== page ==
Few customs or traditions have endured for longer than a millennium, but the use of icons in Russia is among them.
In this exhibition, the Knights of Columbus Museum is pleased to share more than 225 examples of Russian Orthodox iconography, along with other liturgical and devotional items.
Icons are often called windows into heaven because they are said to give the viewer a glimpse of the eternal realm. Many of the items are more than 100 years old, predating the Bolshevik Revolution (1917).
When Prince Vladimir of Kiev converted to Christianity — along with his country — in 988 A.D., iconography was introduced as a means of fostering religious understanding and devotion among the people of Kievan Rus (present day Ukraine, Belarus and northwest Russia). It followed the strict models and formulas of the Byzantine practice from which it originated but, through time, developed its own distinctions and styles. Today, Russian Orthodox icons are renowned throughout the world.
As a form of sacred art, iconographers historically prayed or fasted before and during the creation of an icon. Traditionally, icons were painted in egg tempera on wood and often accented with gold leaf or covered with ornately gilt metal covers called rizas. Rich in symbolism, they are still used extensively in Orthodox churches and monasteries, and many Russian homes have icons hanging on the wall in a “beautiful” (or prayer) corner.
“Icons have been synonymous with Christian prayer and practice for centuries,” said Supreme Knight Carl Anderson. “One of the great traditions of Eastern Christianity, icons are less well known here, and we are pleased that this exhibit will enable residents of the Northeast to grow in their understanding of the history and religious significance of these windows into heaven.”
Lecture: Iconography - Holy Tradition, Holy History
Saturday, March 8, 2014, 2 p.m.
By Marek Czarnecki
What is an icon and what are its distinctions? How do icons differ from other religious art? When and why did the use of icons originate in Christianity?
Using theology, archaeology, art history, anthropology, and the earliest legends of the origins of iconography, Connecticut iconographer Marek Czarnecki will examine how icons evolved from the earliest Christian art of the catacombs, survived the iconoclastic controversy, and became an inseparable part of the universal Christian patrimony.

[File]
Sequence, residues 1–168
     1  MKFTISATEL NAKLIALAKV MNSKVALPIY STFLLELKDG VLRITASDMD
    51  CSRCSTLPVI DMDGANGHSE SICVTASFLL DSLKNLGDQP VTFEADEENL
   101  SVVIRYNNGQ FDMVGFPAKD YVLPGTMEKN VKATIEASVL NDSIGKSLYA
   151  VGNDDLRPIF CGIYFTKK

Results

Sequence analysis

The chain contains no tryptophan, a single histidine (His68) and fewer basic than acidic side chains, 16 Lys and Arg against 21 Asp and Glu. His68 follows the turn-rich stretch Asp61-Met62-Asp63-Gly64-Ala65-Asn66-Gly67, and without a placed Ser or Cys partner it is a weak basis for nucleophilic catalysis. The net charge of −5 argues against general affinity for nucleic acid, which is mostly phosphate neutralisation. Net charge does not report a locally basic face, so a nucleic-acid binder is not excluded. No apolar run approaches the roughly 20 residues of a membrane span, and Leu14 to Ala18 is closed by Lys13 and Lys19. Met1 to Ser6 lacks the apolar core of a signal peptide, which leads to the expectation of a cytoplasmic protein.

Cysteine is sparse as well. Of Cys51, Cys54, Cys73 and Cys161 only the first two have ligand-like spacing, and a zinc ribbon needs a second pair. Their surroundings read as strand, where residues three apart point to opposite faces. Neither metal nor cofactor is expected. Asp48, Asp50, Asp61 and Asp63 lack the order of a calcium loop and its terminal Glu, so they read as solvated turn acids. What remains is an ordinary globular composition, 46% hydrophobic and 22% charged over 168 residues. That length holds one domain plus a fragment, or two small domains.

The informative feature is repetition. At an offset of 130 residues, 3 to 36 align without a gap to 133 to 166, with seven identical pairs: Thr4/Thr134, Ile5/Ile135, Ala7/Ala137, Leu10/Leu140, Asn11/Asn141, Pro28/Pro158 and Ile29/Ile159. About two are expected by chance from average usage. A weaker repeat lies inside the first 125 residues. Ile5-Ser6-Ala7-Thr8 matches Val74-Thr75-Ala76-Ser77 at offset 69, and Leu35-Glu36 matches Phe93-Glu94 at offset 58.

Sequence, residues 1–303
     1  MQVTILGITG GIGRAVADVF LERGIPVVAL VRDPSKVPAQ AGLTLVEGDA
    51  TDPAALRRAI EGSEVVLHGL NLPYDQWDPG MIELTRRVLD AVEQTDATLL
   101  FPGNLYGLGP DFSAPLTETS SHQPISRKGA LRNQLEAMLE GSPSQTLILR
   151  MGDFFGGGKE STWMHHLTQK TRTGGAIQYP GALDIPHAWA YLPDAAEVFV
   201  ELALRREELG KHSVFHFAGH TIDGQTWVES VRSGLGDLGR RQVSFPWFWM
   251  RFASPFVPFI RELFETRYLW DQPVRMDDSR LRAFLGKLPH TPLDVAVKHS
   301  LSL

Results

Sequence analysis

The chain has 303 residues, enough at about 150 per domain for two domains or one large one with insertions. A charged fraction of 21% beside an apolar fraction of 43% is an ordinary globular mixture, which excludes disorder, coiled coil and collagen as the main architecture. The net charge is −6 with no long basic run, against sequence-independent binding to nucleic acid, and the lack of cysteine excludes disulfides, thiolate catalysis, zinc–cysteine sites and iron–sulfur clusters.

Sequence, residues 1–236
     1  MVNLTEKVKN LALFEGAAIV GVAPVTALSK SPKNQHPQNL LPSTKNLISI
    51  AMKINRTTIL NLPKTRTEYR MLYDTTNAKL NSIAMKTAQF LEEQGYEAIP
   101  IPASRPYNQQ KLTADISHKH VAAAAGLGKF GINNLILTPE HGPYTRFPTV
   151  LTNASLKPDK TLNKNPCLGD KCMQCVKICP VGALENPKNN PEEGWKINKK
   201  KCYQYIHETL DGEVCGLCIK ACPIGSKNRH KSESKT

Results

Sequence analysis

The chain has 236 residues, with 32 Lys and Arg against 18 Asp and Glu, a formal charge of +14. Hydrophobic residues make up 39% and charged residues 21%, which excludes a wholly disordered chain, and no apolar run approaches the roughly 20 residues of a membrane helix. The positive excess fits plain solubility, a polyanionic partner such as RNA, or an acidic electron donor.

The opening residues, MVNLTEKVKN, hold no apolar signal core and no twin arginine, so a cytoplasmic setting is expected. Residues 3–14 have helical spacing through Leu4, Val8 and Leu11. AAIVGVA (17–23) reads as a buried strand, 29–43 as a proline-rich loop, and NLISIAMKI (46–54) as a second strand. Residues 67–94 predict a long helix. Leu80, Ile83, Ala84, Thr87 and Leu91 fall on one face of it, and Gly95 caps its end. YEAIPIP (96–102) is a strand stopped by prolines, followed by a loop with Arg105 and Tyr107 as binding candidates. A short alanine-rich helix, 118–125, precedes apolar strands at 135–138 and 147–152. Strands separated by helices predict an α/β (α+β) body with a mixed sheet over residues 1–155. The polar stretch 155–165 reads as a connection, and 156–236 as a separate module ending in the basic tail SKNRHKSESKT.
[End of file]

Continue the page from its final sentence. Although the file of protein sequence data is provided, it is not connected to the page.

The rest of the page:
Czarnecki studied under Russian Orthodox iconographer Ksenia Pokrovsky, who founded the Izograph School in Moscow. In recognition of his iconography and liturgical restoration work, Czarnecki received the 1996 and 2004 Artist’s Fellowship from the Connecticut Commission on the Arts. He is also the recipient of the American Council for Polish Culture’s Jan de Rosen Award, and has been recognized by the National Endowment for the Arts through the Southern New England Traditional Arts Program.
Presentation: Praying with Icons
Sunday, March 23, 2014, 2 p.m.
By Rev. Paul Halovatch, M.Div.
Religious icons said give a view into the eternal realm of heaven and can easily be an aid in prayer. Praying with icons is an ancient practice that involves using both natural and “spiritual” eyes: seeing what the icon communicates in both your mind and soul. Father Paul Halovatch, a priest of the Archdiocese of Hartford and guest curator of the Windows into Heaven exhibition, will lead a session on the time honored technique of meditating with an icon.
Father Halovatch has traveled extensively and studied iconography and Orthodox Christianity. He will lead participants in a basic step-by-step method of prayer meant to introduce deeper understanding and spiritual union with God, the Blessed Virgin Mary and the saints.
Workshop: Storytelling and Matryoshka Doll Painting
Saturday, April 12, 2014, 11 a.m.
By Marina Forbes
Join us for a unique workshop on the rich Russian folk tradition of Matryoshka (wooden nested doll) painting. Participants will learn the history and custom of the Matryoshka doll and be introduced to time-honored painting techniques and designs, and a demonstration of the Matryoshka dance.
Marina Forbes is a native of St. Petersburg, Russia. For more than 20 years, she has been an active artist, historian, storyteller, lecturer and teacher in the area of Russian art, culture, language and folklore, offering more than 75 workshops, courses, and presentations each year both in Russia and throughout the New England area. Marina is currently the Director of International Programs at the New England Language Center in Rochester where she coordinates cultural exchange programs, teaches Russian culture and language, and leads art-related tours to Russia each year. She is an active watercolorist and art teacher and regularly does dramatic performances of Russian fairytales.
The instruction is free and the wooden dolls will be available for purchase from the artist. Please register by calling at 203-752-4528 or emailing email@example.com.